HOUSE OF SAND AND FOG (2003)

(a “blameless” film review by Timothy J. Verret)

You see, no one is to blame for anything in HOUSE OF SAND AND FOG. Behrani is not to blame for uprooting his family from Iran and taking them to America to pursue the “American Dream” with one of those dreams being owning a home. Kathy is not to blame for wanting her house back that was unfairly stolen from her. The tragedy that befalls all of them is not about blame, either. When one wants something and wants it bad and will do anything to get it, who can be blamed for that? Aren’t we instructed that in America, we should want the “American Dream,” which is defined as “the ideal by which equality of opportunity is available to any American, allowing the highest aspirations and goals to be achieved?” The non-fault-finding problems for these characters is THIS “American Dream.” Because if one wants equality of opportunities and to be allowed the highest aspirations and goals achieved therein, someone is bound to get hurt in this pursuit. Who can be blamed for that? Of course, someone will get the short end of the stick and when the “American Dream” is achieved, oh how the mighty (and innocent) will fall!

Maybe that’s how this film gets its title. A house built on sand cannot stand and will fall. A house covered in fog, no one can see clearly, and if the pursuit of this house is for vain reasons, what good is this house really if no one can see it? And, of course, fragile people are houses on sand that fall and surrounded by fog that obscures their vision. No one can see them clearly either. Behrani and Kathy are such people. And, once again, no one can blame these people for sinking in the sand forever and living (and dying) in the fog of their pursuit of the “American Dream.”

I have not read the book of the same title of this film. I hear it’s amazing, and I can only imagine after seeing the film that this is very, very true, because HOUSE OF SAND AND FOG is an amazing story of ordinary, yet highly flawed people living ordinary, highly flawed lives until their dreams blow up in their faces and they wonder, “where did I go wrong?” My answer would be, “You didn’t go wrong at all. You were simply following the ‘American Dream’ standard, and most of the world’s standard for that matter, and that is to want, take, and hold on tight to what can be yours and when you get it, don’t lose it for nothing! Seeking the ‘highest aspirations and goals to be achieved’ will do that to you!”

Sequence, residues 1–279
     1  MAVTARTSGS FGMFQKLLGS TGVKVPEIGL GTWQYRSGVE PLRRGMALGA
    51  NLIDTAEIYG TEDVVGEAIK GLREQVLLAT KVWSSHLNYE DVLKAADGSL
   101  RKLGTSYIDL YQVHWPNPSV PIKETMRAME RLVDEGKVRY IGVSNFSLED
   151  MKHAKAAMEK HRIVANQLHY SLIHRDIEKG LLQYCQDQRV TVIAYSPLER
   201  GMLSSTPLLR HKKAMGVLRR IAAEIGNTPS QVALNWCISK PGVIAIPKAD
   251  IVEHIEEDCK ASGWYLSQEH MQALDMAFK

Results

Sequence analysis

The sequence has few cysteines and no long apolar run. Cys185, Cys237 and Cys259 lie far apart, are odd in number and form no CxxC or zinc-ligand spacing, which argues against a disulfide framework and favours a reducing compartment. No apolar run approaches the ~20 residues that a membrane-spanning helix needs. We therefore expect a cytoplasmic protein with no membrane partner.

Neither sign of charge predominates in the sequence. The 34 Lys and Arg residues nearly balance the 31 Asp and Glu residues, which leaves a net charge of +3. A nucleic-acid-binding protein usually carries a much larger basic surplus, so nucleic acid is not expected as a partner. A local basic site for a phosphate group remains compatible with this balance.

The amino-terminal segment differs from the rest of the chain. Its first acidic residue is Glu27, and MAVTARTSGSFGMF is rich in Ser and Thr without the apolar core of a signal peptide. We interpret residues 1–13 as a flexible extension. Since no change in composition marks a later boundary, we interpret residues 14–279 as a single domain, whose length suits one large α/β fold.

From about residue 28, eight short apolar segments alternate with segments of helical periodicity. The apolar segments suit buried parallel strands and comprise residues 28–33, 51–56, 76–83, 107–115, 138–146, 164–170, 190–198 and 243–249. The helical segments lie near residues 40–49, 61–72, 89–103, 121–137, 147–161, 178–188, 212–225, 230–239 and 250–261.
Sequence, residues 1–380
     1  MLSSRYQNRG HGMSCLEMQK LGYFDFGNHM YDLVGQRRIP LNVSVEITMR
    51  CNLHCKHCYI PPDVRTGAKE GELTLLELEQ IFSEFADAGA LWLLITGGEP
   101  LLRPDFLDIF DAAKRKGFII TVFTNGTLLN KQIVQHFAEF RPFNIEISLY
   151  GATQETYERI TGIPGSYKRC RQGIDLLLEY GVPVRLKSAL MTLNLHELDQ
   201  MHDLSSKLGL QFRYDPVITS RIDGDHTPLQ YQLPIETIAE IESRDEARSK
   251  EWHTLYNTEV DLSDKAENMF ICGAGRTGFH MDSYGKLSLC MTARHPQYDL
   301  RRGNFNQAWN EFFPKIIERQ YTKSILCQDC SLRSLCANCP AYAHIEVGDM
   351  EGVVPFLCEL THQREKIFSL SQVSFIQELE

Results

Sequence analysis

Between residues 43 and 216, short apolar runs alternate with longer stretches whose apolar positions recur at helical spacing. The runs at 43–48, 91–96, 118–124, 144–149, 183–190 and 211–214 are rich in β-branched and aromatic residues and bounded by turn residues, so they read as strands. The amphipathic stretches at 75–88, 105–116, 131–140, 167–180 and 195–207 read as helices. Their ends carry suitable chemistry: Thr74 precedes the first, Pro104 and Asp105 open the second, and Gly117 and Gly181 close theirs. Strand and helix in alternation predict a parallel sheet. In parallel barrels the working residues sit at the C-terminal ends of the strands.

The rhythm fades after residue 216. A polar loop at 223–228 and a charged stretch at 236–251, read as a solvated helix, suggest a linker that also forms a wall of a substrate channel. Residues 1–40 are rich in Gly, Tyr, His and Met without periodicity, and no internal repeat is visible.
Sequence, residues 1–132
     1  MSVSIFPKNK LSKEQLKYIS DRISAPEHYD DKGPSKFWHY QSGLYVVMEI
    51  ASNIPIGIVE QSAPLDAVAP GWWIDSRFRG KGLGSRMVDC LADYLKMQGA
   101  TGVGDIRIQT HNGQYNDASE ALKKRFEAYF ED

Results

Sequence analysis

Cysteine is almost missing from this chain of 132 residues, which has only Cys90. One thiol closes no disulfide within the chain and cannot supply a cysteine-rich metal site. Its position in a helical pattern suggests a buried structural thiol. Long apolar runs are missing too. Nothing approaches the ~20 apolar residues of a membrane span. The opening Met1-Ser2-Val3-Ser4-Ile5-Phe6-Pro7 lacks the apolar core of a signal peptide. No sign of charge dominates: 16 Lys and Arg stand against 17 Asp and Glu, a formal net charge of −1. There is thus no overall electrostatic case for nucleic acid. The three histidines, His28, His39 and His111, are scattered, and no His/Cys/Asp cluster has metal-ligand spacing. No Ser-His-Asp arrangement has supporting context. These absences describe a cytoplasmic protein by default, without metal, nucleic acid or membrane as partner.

Ben Kingsley plays Behrani and Jennifer Connelly plays Kathy, and these two actors are spellbinding in HOUSE OF SAND AND FOG. Some of you may know Ben Kingsley from playing Mahatma Gandhi in the 1982 film, GANDHI, which earned him an Oscar for Best Actor that year. Here, Kingsley is commanding while at the same time soft, so strong and so fragile, and this combination makes this Kingsley’s best performance ever. Some people have said I look like actors Woody Harrelson or Richard Jenkins, and I can see that, but in this film, I am almost a splitting image of Kingsley. Don’t believe me? Look!

See what I mean? Now, I don’t particularly think Kingsley is “gorgeous,” but what I do think about Kingsley is that this is one of the finest actors on the planet, and he is hugely mesmerizing and hugely a force of nature! I believe the man could play any part in any play or film and slay it! Jennifer Connelly also won an Oscar for her beautiful performance in Ron Howard’s 2001 film, A BEAUTIFUL MIND. Here, Connelly plays a recovering drug addict, and she just rips all of our hearts out with her struggling and suffering Kathy, a character hell-bent on a hellish self-destructive path.

I would not dare reveal the ending of HOUSE OF SAND AND FOG to you, but what I will say is that I was in total shock at the film’s conclusion. It is gut-wrenching and as close to a Greek tragedy as they come. It was actually very difficult to write this film review, because my hands are still shaking from just seeing the film and I’m a bit dry in the mouth, yet definitely not in the eyes. I cried terribly for these characters that I grew to care very much about and could not blame them for anything. They simply were doing what they were told, i.e., get what you want and die trying. Thanks a lot, “American Dream!”

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